The Moscow Rules Still Rule. The arrest of the American diplomat, Ryan Fogle, in Moscow late Monday, May 13, was a journey to an earlier era, a throwback to a quarter century ago when these Cold War cloak and dagger spy games were painfully regular, as the United States and the Soviet Union played out the final act of a long and deadly contest. About the only difference in the handling of the ambush of Fogle by the Russian security service was that the photographic record of his arrest was in sharp, digital color, rather than grainy black and white. It was a textbook takedown. We see Fogle on the ground, arms behind him; then later in FSB headquarters being photographed with all the spy gear he was carrying. The "competent organs" are clearly protecting the motherland.

The reaction back in the United States was immediate. The "CIA has slipped into rank amateurism," observed any number of commentators. "How could he have been carrying all that spy paraphernalia," others clucked. The chatty "Dear Friend" letter he had in his possession could not have been real, spy buffs declared.

Not so fast. [Read more: Bearden/ForeignPolicy/17May2013]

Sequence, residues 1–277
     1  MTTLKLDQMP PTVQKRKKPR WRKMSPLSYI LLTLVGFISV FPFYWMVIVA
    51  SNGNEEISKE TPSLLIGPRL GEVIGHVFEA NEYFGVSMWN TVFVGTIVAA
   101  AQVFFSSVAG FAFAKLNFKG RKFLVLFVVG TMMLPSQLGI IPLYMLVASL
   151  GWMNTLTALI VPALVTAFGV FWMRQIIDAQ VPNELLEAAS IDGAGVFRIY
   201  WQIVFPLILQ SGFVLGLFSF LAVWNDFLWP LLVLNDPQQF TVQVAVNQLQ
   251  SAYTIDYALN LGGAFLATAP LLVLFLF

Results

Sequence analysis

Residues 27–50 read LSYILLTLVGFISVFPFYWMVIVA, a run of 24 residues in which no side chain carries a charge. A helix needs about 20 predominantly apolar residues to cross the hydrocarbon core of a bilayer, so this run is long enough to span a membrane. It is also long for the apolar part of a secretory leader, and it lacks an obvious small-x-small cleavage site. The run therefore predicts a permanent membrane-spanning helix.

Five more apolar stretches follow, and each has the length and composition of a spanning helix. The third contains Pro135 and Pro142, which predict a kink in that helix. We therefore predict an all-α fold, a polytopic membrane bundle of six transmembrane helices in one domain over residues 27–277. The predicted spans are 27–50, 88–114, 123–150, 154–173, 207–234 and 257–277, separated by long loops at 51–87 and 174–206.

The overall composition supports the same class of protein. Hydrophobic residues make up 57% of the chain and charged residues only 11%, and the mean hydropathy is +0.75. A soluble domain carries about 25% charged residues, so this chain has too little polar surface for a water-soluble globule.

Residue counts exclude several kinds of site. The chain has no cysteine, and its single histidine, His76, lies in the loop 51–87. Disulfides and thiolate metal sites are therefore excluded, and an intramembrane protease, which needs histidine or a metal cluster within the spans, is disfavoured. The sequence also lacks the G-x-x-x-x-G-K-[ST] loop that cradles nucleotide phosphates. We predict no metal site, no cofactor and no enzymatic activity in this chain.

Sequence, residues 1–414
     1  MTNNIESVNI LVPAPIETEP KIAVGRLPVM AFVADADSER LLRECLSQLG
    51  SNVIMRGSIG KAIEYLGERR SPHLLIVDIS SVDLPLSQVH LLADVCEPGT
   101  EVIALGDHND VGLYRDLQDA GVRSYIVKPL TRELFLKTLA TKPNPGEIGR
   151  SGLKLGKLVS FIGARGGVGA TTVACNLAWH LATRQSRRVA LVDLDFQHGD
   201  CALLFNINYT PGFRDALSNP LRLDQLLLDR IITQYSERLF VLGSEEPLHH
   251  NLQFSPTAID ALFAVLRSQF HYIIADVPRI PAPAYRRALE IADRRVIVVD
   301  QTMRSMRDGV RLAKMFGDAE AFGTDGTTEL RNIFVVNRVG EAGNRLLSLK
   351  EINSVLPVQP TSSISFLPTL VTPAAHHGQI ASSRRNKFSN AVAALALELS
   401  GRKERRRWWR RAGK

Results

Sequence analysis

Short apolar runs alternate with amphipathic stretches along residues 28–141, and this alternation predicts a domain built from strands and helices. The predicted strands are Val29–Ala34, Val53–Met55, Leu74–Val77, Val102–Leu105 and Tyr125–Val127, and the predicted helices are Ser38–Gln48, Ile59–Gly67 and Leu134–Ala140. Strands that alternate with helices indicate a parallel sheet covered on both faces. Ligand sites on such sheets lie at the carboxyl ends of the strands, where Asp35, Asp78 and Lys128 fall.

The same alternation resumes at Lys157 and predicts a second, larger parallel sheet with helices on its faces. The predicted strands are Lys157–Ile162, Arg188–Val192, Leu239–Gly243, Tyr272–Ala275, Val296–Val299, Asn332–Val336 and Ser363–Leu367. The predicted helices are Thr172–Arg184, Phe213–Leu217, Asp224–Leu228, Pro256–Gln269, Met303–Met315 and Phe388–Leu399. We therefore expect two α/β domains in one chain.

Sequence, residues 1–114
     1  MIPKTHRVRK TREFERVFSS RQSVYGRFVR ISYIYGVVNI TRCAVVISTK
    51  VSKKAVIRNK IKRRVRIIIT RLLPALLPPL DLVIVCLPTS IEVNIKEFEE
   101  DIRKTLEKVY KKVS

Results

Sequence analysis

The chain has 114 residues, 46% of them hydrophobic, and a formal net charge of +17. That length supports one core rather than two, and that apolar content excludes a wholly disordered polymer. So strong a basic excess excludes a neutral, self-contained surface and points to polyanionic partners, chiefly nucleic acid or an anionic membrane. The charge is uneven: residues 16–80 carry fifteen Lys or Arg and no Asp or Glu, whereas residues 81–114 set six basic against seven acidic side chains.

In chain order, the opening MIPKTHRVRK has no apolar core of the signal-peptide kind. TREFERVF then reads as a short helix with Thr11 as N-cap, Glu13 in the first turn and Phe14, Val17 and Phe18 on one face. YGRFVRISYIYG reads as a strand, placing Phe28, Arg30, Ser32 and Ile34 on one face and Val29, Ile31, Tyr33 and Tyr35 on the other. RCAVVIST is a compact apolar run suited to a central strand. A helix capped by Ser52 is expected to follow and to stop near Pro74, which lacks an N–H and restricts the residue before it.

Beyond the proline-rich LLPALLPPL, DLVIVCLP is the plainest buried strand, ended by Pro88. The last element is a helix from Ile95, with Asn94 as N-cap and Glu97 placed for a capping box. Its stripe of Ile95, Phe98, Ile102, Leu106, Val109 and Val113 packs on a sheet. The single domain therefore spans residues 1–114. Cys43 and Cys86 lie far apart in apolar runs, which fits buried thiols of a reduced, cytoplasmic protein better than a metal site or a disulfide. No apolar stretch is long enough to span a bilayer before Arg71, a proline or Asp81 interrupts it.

Congress Smashes Pentagon's New Den of Spies. If the Pentagon's not careful, it's going to find its new network of spies rolled up by Congress.

The Defense Clandestine Service was supposed to be the Defense Department's new squad for conducting "human intelligence" - classic, informant-based spying. The idea was to place up to 1,600 undercover operatives and military attachés around the world, collecting tips on emergent battlefields. The problem was that the U.S. already had a human intelligence crew: the CIA. Almost immediately after the Defense Clandestine Service was introduced, an array of outside observers began to loudly question its value.

Add the House Armed Services Committee's intelligence panel to that list of skeptics. In its revision of next year's Pentagon budget, released Tuesday, the representatives said they would withhold half of the DCS' funding until the Pentagon proves that the service "provide[s] unique capabilities to the intelligence community."

The Defense Intelligence Agency, which runs the DCS, is trying to cast the move as a positive one for the service. "We appreciate the HASC's support in allowing us to proceed in meeting [our] mission, and we welcome the HASC's language that will allow us an opportunity to demonstrate further that we are proceeding smartly and as good stewards of taxpayers' money," Lt. Col. Thomas Veale, a Defense Intelligence Agency spokesman, tells Danger Room in an e-mail. [Read more: Shactman/Wired/21May2013]